My copy of The Mysteries of Pittsburgh includes an interview with Michael Chabon, in which he talks about the influence of F. Scott Fitzgerald and Philip Roth on this, Mr. Chabon’s first published novel. While I haven’t read enough Roth to comment on the connection (truly, one of his novels was quite enough for me, though you may, if you choose, think me a Philistine), The Mysteries of Pittsburgh, without being at all similar in plot or setting, did indeed seem caught up in the summer-long wave of events that is The Great Gatsby; the last page of the novel, especially, savored strongly of the green light.

Art Bechstein, the narrator, spends his first post-collegiate summer in Pittsburgh looking for adventures and answers with a new, wildly interesting set of friends.

That’s not a great summary, but really, how do you summarize a novel? I’ve always found it tremendously difficult, and the stress that results from worrying about what to leave out and what to highlight makes me thirst for a tall gin and tonic.

But I digress.

This is my third Chabon novel. I very much enjoyed Wonder Boys, which I like to read in conjunction with Straight Man, by Richard Russo, my number-one contemporary lit-fic squeeze, and I recommend Mr. Chabon’s The Amazing Adventures of Kavalier and Clay to just about everyone. It was the first-year summer reading at Ohio State (Go Bucks!) when I was a freshman (lo these many years ago), and it was an awesome pick.

Reading a first novel after reading those polished, longer pieces was delightful; I saw later characters germinating, saw the beginnings of Mr. Chabon’s wit and breadth of view. It wasn’t jarring (the way that reading The Comedy of Errors after reading King Lear is almost terrifying), but rather gave me a chance to appreciate the author’s mature prose in light of his youthful exuberance, without denigrating either.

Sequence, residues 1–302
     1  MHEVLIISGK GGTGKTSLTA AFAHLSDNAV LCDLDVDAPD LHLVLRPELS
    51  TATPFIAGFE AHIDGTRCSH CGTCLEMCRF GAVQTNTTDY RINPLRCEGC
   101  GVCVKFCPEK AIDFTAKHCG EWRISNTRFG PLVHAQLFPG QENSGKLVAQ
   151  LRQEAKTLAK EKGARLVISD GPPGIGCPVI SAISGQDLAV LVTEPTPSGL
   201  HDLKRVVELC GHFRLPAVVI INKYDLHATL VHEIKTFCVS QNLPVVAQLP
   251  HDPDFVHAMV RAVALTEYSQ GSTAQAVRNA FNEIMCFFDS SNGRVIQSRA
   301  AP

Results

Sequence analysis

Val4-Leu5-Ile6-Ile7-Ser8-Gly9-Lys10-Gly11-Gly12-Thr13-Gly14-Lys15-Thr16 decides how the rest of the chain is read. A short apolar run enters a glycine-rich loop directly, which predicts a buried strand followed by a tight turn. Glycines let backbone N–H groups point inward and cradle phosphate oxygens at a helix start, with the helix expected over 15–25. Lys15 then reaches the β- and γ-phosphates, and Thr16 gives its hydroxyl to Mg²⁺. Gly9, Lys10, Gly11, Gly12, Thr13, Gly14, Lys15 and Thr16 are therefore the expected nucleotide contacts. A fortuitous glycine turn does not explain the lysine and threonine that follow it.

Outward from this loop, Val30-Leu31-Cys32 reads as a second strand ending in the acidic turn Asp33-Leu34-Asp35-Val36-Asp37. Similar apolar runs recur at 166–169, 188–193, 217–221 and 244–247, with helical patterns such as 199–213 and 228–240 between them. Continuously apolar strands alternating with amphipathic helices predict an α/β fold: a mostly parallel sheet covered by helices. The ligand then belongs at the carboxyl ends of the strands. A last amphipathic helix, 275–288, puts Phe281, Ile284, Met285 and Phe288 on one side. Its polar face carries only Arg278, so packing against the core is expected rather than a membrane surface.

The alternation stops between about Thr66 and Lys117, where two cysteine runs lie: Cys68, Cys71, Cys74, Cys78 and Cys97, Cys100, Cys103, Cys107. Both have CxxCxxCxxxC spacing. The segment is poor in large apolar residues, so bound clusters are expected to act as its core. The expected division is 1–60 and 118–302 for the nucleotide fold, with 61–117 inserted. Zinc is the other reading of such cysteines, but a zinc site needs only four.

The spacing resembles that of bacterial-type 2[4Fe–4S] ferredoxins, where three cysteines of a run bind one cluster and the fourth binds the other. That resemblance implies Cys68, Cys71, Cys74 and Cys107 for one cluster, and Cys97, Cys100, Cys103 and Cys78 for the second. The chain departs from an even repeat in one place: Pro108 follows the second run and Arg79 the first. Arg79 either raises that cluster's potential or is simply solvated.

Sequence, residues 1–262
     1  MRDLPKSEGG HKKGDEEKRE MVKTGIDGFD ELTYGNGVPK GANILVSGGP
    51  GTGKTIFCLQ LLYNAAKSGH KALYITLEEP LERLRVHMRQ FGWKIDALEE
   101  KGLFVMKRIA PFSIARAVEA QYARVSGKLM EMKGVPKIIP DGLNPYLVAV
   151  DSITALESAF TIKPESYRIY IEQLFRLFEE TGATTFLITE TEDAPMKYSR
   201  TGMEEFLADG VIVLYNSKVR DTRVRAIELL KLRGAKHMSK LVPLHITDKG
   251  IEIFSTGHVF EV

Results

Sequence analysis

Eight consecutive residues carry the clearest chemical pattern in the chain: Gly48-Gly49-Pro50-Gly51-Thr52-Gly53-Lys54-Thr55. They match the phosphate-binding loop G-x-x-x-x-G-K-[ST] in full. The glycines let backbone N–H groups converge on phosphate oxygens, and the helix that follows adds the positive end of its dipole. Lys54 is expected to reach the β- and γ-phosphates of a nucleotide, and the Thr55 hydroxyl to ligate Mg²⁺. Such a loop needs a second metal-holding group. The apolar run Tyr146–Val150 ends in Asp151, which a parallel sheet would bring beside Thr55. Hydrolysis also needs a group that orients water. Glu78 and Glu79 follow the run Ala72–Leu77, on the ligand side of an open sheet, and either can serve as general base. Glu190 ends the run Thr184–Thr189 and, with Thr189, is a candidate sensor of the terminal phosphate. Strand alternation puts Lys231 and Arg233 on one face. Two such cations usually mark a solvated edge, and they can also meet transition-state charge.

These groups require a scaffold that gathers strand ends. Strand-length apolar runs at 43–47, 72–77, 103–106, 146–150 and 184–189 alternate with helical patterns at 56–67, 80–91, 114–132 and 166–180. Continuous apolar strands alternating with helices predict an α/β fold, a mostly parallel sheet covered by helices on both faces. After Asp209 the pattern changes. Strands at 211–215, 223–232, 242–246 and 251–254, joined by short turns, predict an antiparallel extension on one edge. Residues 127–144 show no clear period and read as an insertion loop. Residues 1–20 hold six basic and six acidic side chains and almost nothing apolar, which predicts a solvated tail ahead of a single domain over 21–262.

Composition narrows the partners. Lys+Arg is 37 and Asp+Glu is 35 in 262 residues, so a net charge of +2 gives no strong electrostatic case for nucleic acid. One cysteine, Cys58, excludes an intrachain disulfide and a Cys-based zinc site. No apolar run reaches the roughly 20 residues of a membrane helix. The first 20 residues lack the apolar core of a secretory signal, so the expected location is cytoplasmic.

A few other stray thoughts: I’m a sucker for kind but clear-eyed descriptions of north-easternly cities that aren’t New York (hailing as I do from Cleveland by way of Buffalo), and Mr. Chabon’s Pittsburgh is a character in this novel. The first-person narration works, and the slight departure from it in the penultimate chapter made me sit up and take notice of what was happening, without fanfare or fireworks.

It’s a fine bildungsroman with charm and verve, and it comes highly recommended.

By the way, I hear there’s a film version, and that you shouldn’t see it.

Recommended Reading: Tell the Wolves I’m Home, by Carol Rifka Brunt

One of the things everyone tells you in high school that you completely forget until it’s ten years later: read now, because you’ll never have this much time again.

While I’d love to read a book a day, like writer Jeff Ryan over at Slate, it’s just not going to happen with an active toddler, especially since, unlike Mr. Ryan, I loathe books on tape. The voices are never quite right, the spoken word is painfully slow, and it’s terribly difficult to, say, speed-read through the first sixty-odd, interminably green pages of Fellowship of the Ring.

So I’m hoping to get thirty books under my belt this year, and I started with Carol Rifka Brunt’s Tell the Wolves I’m Home. I know, I know: I should read one of the hundred-plus books on my shelves that I haven’t read yet, but when I read the description of this debut novel, I just couldn’t resist. Plus I needed to get to twenty-five bucks on my Amazon order to get free shipping.

It was worth it. Lovely writing, an engaging and memorable narrator, and a real sense of time and place. Highly recommended.